Documenting WinUI support progress

Here I will be documenting my attempts to get WinUI 3.0 working with Swift. As about half(?) of WinUI is written in C++, I'm making the tentative assumption that this is possible (GitHub lists that half of the repository is C++ and the other half is C#; I'm guessing that this is to provide support for both languages, but I could be very wrong). The broad steps I'm foreseeing are:

  1. Find the header path for <winrt/Microsoft.UI> as a starting point
  2. Create a C shim around the whole library
  3. Create a module.modulemap for the shim
  4. ???
  5. Profit

Step 2 is where I'm lacking experience, but hey, there's no better time to do loads of manual data entry and read languages you only kind of understand when you're sheltering in place, right?

I'm confident given enough time (i.e. months at minimum) I can crack this, but it may take a while and I will likely resort to dirty hacks to get stuff working.


<winrt/Microsoft.UI> doesn't seem to be in the usual SDK path. However, I was able to get it to download(?)/generate by creating a new UWP application in Visual Studio. It gets put in the Generated Files folder of the project.

Adding the following to the module.modulemap in {SDK}\um\:

  module WinUI {
    header "../cppwinrt/winrt/Windows.UI.h"
    export *

    link "WinUI.Lib"

and adding the compiler flag -Xfrontend -enable-cxx-interop results in a whole lot of errors from the imported headers, as expected. Note that that's Windows.UI, not Microsoft.UI.

Is WinUI based on WinRT? If so, then targeting interop with COM, winmds, and WinRT's IInspectable interface seems more tractable than general C++ interop, and could give you access to the bits of the system written in C++, C#, and JS through the existing runtime bridges.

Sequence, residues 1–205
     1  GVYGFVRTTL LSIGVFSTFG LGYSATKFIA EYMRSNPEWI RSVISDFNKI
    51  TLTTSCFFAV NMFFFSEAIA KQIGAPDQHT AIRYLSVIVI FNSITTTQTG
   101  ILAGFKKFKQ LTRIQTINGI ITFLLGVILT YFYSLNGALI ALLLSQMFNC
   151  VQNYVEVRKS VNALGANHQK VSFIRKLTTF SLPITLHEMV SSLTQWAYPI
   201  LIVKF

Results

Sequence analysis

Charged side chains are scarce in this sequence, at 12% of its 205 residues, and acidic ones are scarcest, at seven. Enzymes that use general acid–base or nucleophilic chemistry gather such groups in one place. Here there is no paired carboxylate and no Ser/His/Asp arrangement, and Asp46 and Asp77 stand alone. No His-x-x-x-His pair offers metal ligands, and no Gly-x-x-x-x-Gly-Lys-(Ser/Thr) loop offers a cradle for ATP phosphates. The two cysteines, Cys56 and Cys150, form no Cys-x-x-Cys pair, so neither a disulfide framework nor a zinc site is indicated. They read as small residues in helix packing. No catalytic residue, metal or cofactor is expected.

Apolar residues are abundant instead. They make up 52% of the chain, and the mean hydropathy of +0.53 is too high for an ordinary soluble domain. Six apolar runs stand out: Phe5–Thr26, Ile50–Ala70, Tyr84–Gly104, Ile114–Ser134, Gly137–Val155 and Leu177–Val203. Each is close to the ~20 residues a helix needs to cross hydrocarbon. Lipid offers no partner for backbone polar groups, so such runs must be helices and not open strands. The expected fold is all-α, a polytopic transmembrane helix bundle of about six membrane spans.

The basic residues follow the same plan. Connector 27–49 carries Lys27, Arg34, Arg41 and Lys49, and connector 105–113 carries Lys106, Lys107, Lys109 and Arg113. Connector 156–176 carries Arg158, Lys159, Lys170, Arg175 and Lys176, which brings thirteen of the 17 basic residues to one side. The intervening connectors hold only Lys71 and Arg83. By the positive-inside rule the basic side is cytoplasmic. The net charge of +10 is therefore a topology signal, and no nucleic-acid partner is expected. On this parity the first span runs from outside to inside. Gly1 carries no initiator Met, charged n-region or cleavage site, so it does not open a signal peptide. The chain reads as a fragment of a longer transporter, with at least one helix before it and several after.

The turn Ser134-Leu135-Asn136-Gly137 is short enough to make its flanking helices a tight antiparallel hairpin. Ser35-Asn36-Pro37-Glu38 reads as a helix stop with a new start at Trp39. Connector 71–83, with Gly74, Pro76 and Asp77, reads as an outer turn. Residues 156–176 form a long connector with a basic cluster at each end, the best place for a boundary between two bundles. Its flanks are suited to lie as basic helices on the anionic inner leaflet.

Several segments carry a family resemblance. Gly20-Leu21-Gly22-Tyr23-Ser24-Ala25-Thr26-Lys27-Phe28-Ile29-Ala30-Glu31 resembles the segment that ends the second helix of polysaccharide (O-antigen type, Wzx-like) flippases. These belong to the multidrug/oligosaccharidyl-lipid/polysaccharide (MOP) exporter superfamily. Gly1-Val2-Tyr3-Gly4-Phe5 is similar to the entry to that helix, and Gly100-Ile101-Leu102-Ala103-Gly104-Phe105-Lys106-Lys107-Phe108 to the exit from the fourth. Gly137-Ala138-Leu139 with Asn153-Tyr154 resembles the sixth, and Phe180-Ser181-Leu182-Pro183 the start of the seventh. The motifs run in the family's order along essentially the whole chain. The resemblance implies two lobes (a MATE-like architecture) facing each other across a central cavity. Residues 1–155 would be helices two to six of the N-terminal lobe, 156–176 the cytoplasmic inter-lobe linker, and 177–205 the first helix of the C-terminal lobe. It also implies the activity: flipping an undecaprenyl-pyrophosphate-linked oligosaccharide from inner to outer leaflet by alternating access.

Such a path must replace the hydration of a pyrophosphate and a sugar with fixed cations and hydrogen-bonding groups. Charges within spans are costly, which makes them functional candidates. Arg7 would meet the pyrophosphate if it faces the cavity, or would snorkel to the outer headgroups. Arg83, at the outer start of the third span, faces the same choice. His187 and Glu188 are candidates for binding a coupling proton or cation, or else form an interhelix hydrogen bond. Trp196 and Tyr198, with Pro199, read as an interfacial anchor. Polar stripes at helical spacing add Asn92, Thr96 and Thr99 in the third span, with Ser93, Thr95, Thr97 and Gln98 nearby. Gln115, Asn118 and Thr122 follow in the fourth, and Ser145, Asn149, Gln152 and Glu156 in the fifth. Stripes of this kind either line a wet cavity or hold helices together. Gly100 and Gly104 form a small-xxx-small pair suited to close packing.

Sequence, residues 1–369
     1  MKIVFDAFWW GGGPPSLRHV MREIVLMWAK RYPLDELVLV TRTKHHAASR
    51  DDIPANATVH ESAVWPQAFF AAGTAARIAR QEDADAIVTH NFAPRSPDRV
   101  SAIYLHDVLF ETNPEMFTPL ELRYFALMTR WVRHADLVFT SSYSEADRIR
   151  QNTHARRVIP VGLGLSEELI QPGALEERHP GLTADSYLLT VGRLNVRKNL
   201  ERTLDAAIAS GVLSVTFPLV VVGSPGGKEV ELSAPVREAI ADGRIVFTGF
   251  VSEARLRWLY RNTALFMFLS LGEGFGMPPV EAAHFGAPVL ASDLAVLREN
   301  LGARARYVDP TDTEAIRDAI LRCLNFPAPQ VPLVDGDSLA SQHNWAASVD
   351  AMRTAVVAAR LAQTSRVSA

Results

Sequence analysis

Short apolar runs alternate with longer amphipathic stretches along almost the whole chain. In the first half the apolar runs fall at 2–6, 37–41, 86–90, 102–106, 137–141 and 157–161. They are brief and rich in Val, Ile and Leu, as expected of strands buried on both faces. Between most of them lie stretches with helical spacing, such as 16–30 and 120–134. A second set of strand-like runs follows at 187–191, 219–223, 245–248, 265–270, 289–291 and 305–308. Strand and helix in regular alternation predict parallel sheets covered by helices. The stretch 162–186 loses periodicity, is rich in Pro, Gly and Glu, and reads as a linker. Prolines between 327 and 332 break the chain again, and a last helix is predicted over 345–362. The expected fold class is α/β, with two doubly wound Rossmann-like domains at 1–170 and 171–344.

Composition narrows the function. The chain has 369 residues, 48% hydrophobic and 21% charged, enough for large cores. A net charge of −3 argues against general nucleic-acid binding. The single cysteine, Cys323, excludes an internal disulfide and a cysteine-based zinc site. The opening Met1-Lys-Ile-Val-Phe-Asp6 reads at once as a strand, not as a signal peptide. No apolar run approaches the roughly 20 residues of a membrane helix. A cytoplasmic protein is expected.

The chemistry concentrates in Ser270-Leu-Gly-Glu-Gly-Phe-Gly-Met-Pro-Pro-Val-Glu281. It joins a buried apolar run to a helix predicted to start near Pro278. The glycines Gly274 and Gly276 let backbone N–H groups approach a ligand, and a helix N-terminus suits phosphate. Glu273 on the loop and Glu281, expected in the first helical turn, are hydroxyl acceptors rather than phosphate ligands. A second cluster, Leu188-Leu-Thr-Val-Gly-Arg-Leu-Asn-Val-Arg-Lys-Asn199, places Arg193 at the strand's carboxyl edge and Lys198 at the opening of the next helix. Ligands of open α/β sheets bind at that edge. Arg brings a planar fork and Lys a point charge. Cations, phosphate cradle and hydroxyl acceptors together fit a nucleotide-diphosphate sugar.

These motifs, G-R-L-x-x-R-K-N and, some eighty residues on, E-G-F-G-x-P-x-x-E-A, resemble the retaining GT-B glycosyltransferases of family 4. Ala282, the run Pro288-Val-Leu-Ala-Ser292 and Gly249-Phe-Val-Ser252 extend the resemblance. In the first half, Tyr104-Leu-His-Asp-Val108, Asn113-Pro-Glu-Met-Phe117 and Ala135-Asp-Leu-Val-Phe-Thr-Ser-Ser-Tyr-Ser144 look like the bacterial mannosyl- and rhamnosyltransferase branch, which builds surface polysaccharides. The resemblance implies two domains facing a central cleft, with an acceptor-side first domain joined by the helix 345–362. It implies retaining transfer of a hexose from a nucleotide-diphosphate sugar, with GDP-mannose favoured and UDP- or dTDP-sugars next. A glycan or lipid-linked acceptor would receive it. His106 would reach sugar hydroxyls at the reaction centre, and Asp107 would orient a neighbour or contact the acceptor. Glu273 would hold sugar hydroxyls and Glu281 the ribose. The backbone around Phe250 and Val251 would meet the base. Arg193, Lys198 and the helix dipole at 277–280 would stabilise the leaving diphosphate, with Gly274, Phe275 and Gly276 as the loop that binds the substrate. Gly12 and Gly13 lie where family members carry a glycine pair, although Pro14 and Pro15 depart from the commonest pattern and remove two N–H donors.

Would getting Swift to parse winmds be a first step to that? I could also write a C/Swift wrapper around IInspectable, which is admittedly more feasible than a wrapper around the entire architecture.

Yeah, one approach might be to try to parse winmds and generate Swift interfaces from them; since a COM type is more or less a pointer to a pointer to a struct full of function pointers, that should be representable as generated Swift types. You would still need to manually AddRef/Release/QueryInterface COM objects, though. In the long view, it would be cool if eventually the winmd importer could be integrated into the Swift compiler, like the ObjC pointer is now, so that COM types could be treated as automatically refcounted types, interfaces could be imported as Swift protocols, and Swift code could implement COM interfaces and automatically generate IInspectable/IDispatch metadata.

Interesting. In that case, I'll start work on a winmd parser. It's all standardized in ECMA-335, so I hopefully won't run into too many speedbumps with the format (famous last words).

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Microsoft has a Windows bridge for iOS. It's open-sourced on GitHub. Although it's for Cocoa Touch APIs, it might help with porting other Cocoa APIs in general.